In 2016, the most exciting act from Croydon are Kero Kero Bonito, two middle-class kids called Gus Lobban and Jamie Bulled, and Japanese singer Sarah Midori Perry. Their music is influenced by dancehall, computer games and J-Pop – it’s super-catchy and at some point will crossover into the mainstream, just as dubstep did. But it’s a million miles from dubstep: Kero Kero Bonito are loosely affiliated with PC Music, a collective based a few stops up the overground in Peckham, who epitomise London’s current music scene and nod gently to its art school pop heritage. The PC Music collective are obsessed with Eurodance and advertising jingles and post their songs online. Main players AG Cook and Danny L Harle both went to Goldsmiths, and are unembarrassed to say they’re middle-class. The privatisation of public space in places like the new Central St Martins site may seem designed to stifle self-expression, but PC Music prove you can operate with wit, flair and commercial nous inside the freshly drawn boundaries of the expanding internationalisation of London.

If contemporary pop is so international and online, you may wonder why it needs to be based in London at all. If the likes of PC Music are priced out of Peckham, why shouldn’t they move to a creative city with cheaper property and plenty of it? Yet people making pop music are still drawn to London. Healthy scenes outside the capital tend to be uninterested in commerciality; it still seems like an act of defiance to not be in London. Take the current experimental music boom in former mill town Todmorden, between Leeds and Manchester – it’s thriving and at least a generation away from death by gentrification. But Todmorden is an exception. London is still the city that most musicians want to be based in. Why is this?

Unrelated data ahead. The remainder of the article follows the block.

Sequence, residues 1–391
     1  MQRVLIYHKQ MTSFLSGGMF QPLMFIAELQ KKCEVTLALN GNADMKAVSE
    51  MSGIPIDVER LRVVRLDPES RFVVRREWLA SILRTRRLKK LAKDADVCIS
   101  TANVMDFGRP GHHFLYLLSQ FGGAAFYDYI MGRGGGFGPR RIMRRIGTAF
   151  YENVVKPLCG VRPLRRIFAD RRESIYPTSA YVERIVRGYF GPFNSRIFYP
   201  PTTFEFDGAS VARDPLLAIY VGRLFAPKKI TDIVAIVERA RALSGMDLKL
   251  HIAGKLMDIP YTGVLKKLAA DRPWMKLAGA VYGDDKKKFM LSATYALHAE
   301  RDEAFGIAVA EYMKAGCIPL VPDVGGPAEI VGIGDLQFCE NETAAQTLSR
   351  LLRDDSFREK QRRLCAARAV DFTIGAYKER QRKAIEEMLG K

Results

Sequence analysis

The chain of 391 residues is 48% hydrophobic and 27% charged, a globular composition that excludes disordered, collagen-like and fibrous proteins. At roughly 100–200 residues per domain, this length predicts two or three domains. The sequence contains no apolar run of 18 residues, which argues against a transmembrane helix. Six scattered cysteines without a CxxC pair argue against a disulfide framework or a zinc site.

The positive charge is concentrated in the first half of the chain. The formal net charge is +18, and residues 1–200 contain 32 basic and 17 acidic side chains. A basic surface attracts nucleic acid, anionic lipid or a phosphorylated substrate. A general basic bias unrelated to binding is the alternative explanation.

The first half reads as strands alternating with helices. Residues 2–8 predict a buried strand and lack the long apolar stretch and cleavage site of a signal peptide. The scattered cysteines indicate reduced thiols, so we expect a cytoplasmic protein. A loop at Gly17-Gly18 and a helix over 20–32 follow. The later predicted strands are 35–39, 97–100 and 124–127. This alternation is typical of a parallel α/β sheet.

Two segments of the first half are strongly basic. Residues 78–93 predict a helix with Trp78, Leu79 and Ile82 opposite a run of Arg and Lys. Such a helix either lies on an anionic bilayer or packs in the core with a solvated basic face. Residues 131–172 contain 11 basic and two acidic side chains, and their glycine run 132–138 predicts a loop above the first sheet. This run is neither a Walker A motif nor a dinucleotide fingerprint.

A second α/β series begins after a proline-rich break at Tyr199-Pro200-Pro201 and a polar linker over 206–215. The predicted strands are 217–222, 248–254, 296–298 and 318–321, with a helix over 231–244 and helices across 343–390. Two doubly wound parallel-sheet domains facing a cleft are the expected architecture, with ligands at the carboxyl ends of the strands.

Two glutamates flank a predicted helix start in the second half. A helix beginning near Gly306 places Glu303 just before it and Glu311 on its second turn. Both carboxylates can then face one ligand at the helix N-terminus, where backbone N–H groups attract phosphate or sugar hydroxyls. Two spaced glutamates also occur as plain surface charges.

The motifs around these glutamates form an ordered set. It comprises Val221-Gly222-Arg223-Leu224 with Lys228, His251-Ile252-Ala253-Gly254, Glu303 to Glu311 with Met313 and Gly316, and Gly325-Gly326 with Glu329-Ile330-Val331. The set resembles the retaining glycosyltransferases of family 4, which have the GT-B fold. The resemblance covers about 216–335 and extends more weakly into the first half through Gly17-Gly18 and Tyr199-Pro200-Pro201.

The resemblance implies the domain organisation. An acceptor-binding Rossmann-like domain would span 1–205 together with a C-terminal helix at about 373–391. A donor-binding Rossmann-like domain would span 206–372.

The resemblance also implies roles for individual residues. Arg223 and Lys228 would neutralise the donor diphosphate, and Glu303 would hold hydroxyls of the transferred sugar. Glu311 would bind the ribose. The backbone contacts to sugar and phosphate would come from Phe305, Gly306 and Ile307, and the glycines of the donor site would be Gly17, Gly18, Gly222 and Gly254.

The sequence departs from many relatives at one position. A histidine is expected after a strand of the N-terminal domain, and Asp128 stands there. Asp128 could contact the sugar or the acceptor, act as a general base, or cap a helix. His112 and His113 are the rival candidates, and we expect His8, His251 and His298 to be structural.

For young, digital-savvy musicians, the fact that the music industry is based in London is now less important than the fact that it is also at the centre of the fashion and art worlds, which are increasingly converging to create pop culture. If the music industry moved en masse to Reading, a young musician would still prefer to be in Peckham, where the galleries, bars and parties are and you can still get noticed. Yes, it’s harder to get by in London than anywhere else in Britain – it feels easier to breathe in Newcastle, Bradford and Birmingham, and if you’re comfortable and confident enough to operate in a smaller city (I’m thinking of the Pastels in Glasgow, Field Music in Sunderland, Massive Attack in Bristol) then a scene can still develop around you. But most musicians don’t have that singular vision or confidence. Just by virtue of moving to the capital you can feel more legitimate. Rent be damned – you are almost compelled to make something happen.

There’s so much going on that London lights a fire under you. Get a move on! Cut that record! Make that break before someone beats you to it, because there’s always someone else in London ready to see your idea and raise it.